Teapots in the Sea
The final image is made up of three major components.
- A grass bush
- Water surface
- Three teapots
The following rendering techniques were implemented in order to render the above objects:
- Anti-aliasing to give the grass blades a soft touch
- Bump mapping to create the ocean surface
- Mix of bump and texture mapping to implement the land
- Glossy reflection for one of the teapots
- Refraction with Beers law and Fresnel reflection for the refractive teapot.
- Soft shadows with disk lights
In addition, code for Depth of field was added but isnŐt shown in the final image. ItŐs addition lead to an exponential increase in render time while not contributing to enhance the overall look of the image.
The Grass Bush
The grass bush was implemented as a sequence of repeating triangles. The bottom two vertices of each triangle were repeated at regular intervals. The x-coordinates of the top vertice of each triangle was varied as a sine function of the x-axis with a little random value added to give it a natural look. However, uncontrolled application of sine function caused the grass blades at the right edge to appear long and unnatural. The best way around this problem was to ŇtrimÓ the grass blades as they curved towards the ground.
The grass bush rendered his way had sharp jagged edges displaying a classic case of aliasing. Anti-aliasing was implemented to give the grass blades a soft smooth look. The following is an image of the bush with and without aliasing.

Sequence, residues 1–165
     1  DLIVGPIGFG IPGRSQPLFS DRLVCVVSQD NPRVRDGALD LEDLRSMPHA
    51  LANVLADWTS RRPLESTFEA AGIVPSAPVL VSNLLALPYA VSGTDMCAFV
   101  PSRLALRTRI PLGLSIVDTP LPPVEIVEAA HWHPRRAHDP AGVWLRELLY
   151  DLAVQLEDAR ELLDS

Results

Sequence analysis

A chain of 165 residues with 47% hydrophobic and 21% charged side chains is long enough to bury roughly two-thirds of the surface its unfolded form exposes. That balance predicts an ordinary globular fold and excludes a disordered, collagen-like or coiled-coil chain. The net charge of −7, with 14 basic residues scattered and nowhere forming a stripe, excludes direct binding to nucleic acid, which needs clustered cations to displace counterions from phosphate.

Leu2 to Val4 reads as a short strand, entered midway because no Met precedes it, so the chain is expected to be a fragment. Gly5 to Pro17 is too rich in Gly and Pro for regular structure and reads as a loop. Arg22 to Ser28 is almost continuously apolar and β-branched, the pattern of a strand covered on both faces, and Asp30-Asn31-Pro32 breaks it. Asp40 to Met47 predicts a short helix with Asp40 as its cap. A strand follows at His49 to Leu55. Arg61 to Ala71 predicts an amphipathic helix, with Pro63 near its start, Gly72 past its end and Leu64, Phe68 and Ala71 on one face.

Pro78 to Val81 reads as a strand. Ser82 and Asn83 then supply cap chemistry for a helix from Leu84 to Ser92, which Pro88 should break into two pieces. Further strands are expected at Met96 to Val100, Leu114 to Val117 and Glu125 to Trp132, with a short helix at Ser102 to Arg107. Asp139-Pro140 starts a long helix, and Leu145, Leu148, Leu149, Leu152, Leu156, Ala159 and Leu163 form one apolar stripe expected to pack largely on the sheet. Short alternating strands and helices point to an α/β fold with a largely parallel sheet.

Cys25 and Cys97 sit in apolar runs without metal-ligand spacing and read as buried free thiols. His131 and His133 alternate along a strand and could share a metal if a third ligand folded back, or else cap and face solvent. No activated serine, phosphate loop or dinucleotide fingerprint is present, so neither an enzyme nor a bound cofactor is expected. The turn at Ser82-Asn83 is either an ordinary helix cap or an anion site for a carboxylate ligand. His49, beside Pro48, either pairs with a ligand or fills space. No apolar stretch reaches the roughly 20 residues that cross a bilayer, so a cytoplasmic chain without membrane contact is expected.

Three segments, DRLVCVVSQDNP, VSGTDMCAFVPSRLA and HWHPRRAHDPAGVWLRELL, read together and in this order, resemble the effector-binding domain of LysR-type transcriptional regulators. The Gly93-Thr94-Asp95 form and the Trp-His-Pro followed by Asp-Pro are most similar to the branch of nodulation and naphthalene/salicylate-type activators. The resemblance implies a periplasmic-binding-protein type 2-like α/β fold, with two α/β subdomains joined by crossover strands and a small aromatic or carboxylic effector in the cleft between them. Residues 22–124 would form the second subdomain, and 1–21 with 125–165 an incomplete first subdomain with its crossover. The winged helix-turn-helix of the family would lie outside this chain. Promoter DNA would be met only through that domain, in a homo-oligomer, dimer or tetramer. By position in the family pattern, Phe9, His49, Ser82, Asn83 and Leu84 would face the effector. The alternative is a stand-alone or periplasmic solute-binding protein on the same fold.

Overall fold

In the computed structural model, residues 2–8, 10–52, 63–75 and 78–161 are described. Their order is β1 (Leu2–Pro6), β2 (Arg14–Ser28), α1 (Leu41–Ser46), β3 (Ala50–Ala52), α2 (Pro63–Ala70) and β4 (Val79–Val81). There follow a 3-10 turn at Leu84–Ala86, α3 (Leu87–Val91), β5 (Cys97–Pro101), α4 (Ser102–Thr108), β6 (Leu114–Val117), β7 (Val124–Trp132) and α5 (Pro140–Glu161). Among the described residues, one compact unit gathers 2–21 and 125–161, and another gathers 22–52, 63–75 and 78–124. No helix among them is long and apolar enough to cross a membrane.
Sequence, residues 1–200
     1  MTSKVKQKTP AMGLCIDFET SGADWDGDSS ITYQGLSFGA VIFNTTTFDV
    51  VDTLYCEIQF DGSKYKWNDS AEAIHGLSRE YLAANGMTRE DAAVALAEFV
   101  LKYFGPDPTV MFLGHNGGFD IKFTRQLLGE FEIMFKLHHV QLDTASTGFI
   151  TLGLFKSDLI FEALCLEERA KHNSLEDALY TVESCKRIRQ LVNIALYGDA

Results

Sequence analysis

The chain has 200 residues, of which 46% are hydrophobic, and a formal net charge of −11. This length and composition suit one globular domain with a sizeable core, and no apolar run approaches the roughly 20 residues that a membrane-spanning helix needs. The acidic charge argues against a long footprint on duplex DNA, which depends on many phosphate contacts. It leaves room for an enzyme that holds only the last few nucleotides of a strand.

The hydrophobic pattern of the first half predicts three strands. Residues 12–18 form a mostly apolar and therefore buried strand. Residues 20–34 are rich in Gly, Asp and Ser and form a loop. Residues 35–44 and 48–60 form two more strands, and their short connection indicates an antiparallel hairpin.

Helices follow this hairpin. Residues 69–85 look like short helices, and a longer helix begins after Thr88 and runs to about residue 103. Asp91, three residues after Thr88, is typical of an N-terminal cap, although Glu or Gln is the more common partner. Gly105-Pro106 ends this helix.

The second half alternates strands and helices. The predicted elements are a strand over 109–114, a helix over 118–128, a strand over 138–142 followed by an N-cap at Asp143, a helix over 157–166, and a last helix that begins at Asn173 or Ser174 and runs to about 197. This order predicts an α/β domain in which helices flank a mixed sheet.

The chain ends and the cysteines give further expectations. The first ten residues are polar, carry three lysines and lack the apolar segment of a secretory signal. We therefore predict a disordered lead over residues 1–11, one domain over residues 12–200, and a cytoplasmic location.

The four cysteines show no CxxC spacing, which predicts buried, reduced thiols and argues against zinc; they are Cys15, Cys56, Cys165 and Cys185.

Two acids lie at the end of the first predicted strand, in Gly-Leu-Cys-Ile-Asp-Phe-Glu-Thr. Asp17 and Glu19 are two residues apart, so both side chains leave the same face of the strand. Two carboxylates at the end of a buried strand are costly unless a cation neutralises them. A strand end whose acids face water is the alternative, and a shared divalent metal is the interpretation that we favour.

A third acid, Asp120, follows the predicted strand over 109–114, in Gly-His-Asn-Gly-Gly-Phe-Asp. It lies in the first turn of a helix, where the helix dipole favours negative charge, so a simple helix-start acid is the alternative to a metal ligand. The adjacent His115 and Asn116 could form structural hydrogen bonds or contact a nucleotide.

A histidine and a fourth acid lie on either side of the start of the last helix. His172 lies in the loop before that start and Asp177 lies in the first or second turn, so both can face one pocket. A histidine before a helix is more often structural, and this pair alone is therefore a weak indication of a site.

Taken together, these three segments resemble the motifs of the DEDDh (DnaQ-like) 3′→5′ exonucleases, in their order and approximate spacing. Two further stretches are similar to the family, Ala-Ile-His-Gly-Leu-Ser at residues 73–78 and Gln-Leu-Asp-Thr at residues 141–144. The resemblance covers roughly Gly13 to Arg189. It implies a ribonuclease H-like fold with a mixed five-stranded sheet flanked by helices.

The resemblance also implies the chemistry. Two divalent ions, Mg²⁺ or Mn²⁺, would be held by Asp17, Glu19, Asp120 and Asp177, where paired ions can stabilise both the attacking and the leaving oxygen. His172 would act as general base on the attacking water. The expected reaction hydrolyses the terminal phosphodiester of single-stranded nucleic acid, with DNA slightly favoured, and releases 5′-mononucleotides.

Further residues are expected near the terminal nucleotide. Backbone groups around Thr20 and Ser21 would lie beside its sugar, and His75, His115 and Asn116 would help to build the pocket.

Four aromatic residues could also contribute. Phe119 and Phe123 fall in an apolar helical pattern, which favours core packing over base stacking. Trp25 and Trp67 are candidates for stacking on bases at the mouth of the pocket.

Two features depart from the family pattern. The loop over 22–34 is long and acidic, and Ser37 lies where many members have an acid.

Fig 1: Grass bush without anti-aliasing. Note the broken edges as the grass blade tapers
Fig 2: Grass bus with anti-aliasing. Note the smoothing of the tapering edges (ignore the first attempts at adding flowers to the bush)
The Water Surface
The water surface is implemented as a turbulence function with 6 octaves of (F1 – F0) of Worley noise. The frequency controlled if the water surface would have clam ripples or rough waves.
Fig 3: Lower frequency F-F Worley noise turbulence
Fig 4: Higher frequency F-F Worley noise turbulence
The three teapots are each made up of a different material. The rightmost teapot gives a frosty look realized with the help of glossy reflection. The second teapot is made up of a purely reflective material. The third teapot is made of a purely refractive material incorporating both Beers law and Fresnel reflection. Some interesting teapot scenes are shown in the following figures.
Fig 5: Teapot with glossy reflection
Fig 6: Teapot made of refractive material, implementing Beers law and Fresnel reflection
The land was implemented by bump mapping a triangle using Perlin noise to give it the granular look. Texture mapping, again with Perlin noise was used to achieve the slight variation in colour.
There is more that could have been added to the final image were time not a constraint. The following are some ideas:
- A hazy night sky with a misty moon and twinkling stars
- Shadow of the moon on the water surface
- Smoother transition from land to water with maybe a curving water front
- Pebbles on the land to give it a more natural feel
- Refraction in water and a water bottom to give a water a more realistic feel